3 2 1 What are our long term goals? z z South Australians receive continuity of care that is delivered seamlessly by skilled, qualified and compassionate workers z z Government structures, policies, and processes facilitate collaboration and communication between clinicians, persons experiencing mental health issues and their carers as a standard approach z z Government structures, policies, and processes facilitate collaboration and communication between and within services to improve outcomes based on the unique needs of the person – structures and processes are only separate where they lead to better outcomes for the individual z z Service and support providers take a holistic whole-of-life and whole-of-person approach to meeting and supporting individual needs – they are respectful of each other’s skills and are trusted by the people who use them z z An educated and integrated workforce that ensures people requiring help are able to access the right people and services to get the support they need What are our short term objectives? z z Organisational leaders spearhead and provide incentive for collaborative action to improve mental health outcomes for people and their communities with links between mental health and health, drug and alcohol, social housing, employment, ageing, youth, local government, justice, child protection, community organisations, other service providers z z Coordinated mental health related policies, service delivery models, interagency processes and infrastructure between government departments and across sectors to support partnerships and integration, such as common referral pathways, appropriate discharge support and prompt follow-up for people experiencing mental illness and/or those who have attempted suicide and their families and carers z z Review of organisational and workforce capacity to support the provision of integrated care z z Move towards establishment of a central framework to develop and implement shared incentives and/or performance indicators for state operated mental health services and non-government service providers including clear referral and follow-up processes z z Move towards establishment of a central framework for management of funding, commissioning and contracting of non-hospital mental health clinical and non-clinical services which rewards integrated ways of working z z Staff in all areas of mental health and wellbeing including primary health, community-based and specialised mental health, clinical and non-clinical services and peer workers, have the best possible training, knowledge and resources to support compassionate, person-centred mental health care that is recovery-focused and trauma-informed Who is responsible?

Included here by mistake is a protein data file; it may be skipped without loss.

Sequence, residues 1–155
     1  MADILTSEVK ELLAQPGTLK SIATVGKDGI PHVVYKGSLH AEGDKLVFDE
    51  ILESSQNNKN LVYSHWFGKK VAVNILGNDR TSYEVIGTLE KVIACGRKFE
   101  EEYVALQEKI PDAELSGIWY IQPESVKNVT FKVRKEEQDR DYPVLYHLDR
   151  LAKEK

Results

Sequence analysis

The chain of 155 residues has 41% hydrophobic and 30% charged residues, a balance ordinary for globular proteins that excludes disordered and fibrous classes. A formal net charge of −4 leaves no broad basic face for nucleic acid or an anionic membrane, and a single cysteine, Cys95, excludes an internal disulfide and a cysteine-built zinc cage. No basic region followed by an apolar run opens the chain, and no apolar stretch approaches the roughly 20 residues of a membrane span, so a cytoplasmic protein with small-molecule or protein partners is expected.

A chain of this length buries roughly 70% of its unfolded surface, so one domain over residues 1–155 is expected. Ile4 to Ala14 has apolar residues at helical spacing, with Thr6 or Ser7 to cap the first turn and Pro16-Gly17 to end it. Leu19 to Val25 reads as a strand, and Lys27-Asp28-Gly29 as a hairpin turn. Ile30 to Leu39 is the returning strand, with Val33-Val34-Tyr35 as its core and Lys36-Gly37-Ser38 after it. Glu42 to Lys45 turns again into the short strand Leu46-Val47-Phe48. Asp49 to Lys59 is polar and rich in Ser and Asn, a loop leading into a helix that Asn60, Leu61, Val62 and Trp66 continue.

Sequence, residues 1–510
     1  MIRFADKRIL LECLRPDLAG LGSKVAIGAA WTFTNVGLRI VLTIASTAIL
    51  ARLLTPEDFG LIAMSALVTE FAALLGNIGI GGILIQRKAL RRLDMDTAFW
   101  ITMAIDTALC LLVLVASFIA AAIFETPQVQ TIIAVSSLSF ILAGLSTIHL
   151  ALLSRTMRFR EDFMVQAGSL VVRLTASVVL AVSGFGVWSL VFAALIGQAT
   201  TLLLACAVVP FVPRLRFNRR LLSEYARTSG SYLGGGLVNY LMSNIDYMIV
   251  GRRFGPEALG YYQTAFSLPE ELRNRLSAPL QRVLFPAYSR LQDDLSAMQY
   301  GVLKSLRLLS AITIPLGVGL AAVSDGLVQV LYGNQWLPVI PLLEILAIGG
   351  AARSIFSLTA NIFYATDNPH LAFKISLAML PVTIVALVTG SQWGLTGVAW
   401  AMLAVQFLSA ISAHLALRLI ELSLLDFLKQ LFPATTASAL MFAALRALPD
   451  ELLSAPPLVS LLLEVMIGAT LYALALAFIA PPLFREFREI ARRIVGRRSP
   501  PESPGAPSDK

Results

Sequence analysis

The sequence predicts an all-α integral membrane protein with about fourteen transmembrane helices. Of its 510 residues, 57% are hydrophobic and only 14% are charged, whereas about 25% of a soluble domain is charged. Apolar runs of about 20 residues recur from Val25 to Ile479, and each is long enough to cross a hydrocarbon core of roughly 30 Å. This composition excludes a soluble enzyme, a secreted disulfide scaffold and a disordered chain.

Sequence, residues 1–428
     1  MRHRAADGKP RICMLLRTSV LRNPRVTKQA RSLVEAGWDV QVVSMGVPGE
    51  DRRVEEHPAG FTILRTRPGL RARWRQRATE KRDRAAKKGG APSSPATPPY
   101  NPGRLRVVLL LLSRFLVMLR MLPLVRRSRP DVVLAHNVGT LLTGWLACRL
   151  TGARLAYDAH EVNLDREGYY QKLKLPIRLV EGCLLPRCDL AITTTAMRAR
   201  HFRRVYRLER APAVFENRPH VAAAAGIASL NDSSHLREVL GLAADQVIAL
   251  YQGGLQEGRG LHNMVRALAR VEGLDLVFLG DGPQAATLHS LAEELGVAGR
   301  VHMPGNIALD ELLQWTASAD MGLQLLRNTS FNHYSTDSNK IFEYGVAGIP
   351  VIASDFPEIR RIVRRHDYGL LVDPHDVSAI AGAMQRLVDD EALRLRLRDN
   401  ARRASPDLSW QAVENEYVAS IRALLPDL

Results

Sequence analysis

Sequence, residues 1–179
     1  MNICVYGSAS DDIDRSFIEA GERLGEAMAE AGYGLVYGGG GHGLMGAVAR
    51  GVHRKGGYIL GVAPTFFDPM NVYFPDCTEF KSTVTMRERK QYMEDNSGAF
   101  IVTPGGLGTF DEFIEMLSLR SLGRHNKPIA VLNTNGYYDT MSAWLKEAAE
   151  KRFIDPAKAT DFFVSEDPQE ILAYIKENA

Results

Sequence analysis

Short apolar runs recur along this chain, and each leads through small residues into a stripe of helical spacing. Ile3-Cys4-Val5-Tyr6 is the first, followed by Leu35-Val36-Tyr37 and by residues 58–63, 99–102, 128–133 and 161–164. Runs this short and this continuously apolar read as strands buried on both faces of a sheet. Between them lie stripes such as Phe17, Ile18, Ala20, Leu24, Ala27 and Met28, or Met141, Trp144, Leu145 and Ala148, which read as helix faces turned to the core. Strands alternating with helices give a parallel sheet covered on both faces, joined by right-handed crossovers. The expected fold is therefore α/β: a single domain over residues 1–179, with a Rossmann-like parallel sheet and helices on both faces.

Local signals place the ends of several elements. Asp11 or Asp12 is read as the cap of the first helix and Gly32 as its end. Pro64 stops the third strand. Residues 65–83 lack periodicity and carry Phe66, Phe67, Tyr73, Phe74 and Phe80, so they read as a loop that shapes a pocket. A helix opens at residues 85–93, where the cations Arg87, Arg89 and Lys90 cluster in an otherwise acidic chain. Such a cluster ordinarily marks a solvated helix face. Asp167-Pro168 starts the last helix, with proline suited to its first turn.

The SA Mental Health Commission will identify and be responsible for seeking agreement of key stakeholders to lead and/or partner in future actions to achieve the goals and objectives associated with this Strategic Direction. Work will be coordinated with that being undertaken as part of the implementation of the Fifth National Mental Health and Suicide Prevention Plan 2017–2022, in particular Priority Area 1 around achieving integrated regional planning and service delivery, and Priority Area 3 around coordinating treatment and supports for people with severe and complex mental illness.